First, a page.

(St. John ii.13-25.)
It has been said that Mary understood, and yet did not understand Jesus. And of this there seems fresh evidence in the circumstance that, immediately after the marriage of Cana, she and the brethren of Jesus' went with Him, or followed Him, to Capernaum, which henceforth became His own city,' during His stay by the Lake of Galilee. The question, whether He had first returned to Nazareth, seems almost trifling. It may have been so, and it may be that His brothers had joined Him there, while His sisters,' being married, remained at Nazareth. For the departure of the family from Nazareth many reasons will, in the peculiar circumstances, suggest themselves. And yet one feels, that their following Jesus and His disciples to their new home had something to do with their understanding, and yet not understanding, of Him, which had been characteristic of Mary's silent withdrawal after the reply she had received at the feast of Cana, and her significant direction to the servants, implicitly to do what He bade them. Equally in character is the willingness of Jesus to allow His family to join Him - not ashamed of their humbleness, as a Jewish Messiah might have been, nor impatient of their ignorance: tenderly near to them, in all that concerned the humanness of His feelings; sublimely far from them, in all connected with His Work and Mission.
It is almost a relief to turn from the long discussion (to which reference has already been made): whether those who bore that designation were His brothers' and sisters' in the real sense, or the children of Joseph by an earlier marriage, or else His cousins - and to leave it in the indefiniteness which rests upon it. But the observant reader will probably mark, in connection with this controversy, that it is, to say the least, strange that brothers' of Jesus should, without further explanation, have been introduced in the fourth Gospel, if it was an Ephesian production, if not a fiction of spiritualistic tendency; strange also, that the fourth Gospel alone should have recorded the removal to Capernaum of the mother and brothers' of Jesus, in company with Him. But this by the way, and in reference to recent controversies about the authorship of the fourth Gospel.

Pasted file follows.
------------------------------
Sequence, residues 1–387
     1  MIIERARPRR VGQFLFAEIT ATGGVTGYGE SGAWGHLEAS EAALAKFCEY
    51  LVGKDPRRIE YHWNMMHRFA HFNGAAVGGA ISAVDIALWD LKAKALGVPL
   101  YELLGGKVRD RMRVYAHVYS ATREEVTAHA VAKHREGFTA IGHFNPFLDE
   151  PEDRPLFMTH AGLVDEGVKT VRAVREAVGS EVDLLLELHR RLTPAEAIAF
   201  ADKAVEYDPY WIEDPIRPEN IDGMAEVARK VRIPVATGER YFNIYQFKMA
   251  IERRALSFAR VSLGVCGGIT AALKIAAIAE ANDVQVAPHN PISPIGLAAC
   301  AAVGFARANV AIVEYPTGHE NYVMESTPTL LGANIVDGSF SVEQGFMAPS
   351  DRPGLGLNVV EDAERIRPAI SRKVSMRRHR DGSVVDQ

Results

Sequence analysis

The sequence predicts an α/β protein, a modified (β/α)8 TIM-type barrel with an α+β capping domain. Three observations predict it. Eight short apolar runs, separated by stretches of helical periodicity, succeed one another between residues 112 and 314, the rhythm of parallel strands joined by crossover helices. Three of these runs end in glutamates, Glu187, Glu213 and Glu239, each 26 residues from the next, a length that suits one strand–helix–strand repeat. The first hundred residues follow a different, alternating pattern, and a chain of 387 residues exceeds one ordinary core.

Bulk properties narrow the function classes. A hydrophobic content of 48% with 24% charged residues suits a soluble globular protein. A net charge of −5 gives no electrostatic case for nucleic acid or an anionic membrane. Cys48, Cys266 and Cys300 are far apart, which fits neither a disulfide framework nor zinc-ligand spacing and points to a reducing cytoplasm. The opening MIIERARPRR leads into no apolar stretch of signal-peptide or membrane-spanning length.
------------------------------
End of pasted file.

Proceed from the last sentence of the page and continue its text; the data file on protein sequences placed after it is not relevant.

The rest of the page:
If we could only feel quite sure - and not merely deem it most probable - that the Tell Hûm of modern exploration marks the site of the ancient Capernaum, Kephar Nachum, or Tanchumin (the latter, perhaps, village of consolation'), with what solemn interest would we wander over its ruins. We know it from New Testament history, and from the writings of Josephus. A rancorous notice and certain vile insinuations of the Rabbis, connecting it with heresy,' presumably that of Christianity, seem also to point to Kephar Nachum as the home of Jesus, where so many of His miracles were done. At the time it could have been of only recent origin, since its Synagogue had but lately been reared, through the friendly liberality of that true and faithful Centurion. But already its importance was such, that it had become the station of a garrison, and of one of the principal custom-houses. Its soft, sweet air, by the glorious Lake of Galilee, with snow-capped Hermon full in view in the North - from a distance, like Mount Blanc over the Lake of Geneva; the fertility of the country - notably of the plain of Gennesaret close by; and the merry babble, and fertilising proximity of a spring which, from its teeming with fish like that of the Nile, was popularly regarded as springing from the river of Egypt - this and more must have made Capernaum one of the most delightful places in these Gardens of Princes,' as the Rabbis interpreted the word Gennesaret,' by the cither-shaped lake' of that name. The town lay quite up on its north-western shore, only two miles from where the Jordan falls into the lake. As we wander over that field of ruins, about half a mile in length by a quarter in breadth, which in all probability mark the site of ancient Capernaum, we can scarcely realise it, that the desolateness all around has taken the place of the life and beauty of eighteen centuries ago. Yet the scene is the same, though the breath of judgement has long swept the freshness from its face. Here lies in unruffled stillness, or wildly surges, lashed by sudden storms, the deep blue lake, 600 or 700 feet below the level of the Mediterranean. We can look up and down its extent, about twelve miles, or across it, about six miles. Right over on the other side from where we stand - somewhere there, is the place where Jesus miraculously fed the five thousand. Over here came the little ship, its timbers still trembling, and its sides and deck wet with the spray of that awful night of storm, when He came to the weary rowers, and brought with Him calm. Up that beach they drew the boat. Here, close by the shore, stood the Synagogue, built of white limestone on dark basalt foundation. North of it, up the gentle slopes, stretched the town. East and south is the lake, in almost continuous succession of lovely small bays, of which more than seventeen may be counted within six miles, and in one of which nestled Capernaum. All its houses are gone, scarce one stone left on the other: the good Centurion's house, that of Matthew the publican, that of Simon Peter, the temporary home which first sheltered the Master and His loved ones. All are unrecognisable - a confused mass of ruins - save only that white Synagogue in which He taught. From its ruins we can still measure its dimensions, and trace its fallen pillars; nay, we discover over the lintel of its entrance the device of a pot of manna, which may have lent its form to His teaching there - a device different from that of the seven-branched candlestick, or that other most significant one of the Paschal Lamb, which seem to have been so frequent over the Synagogues in Galilee.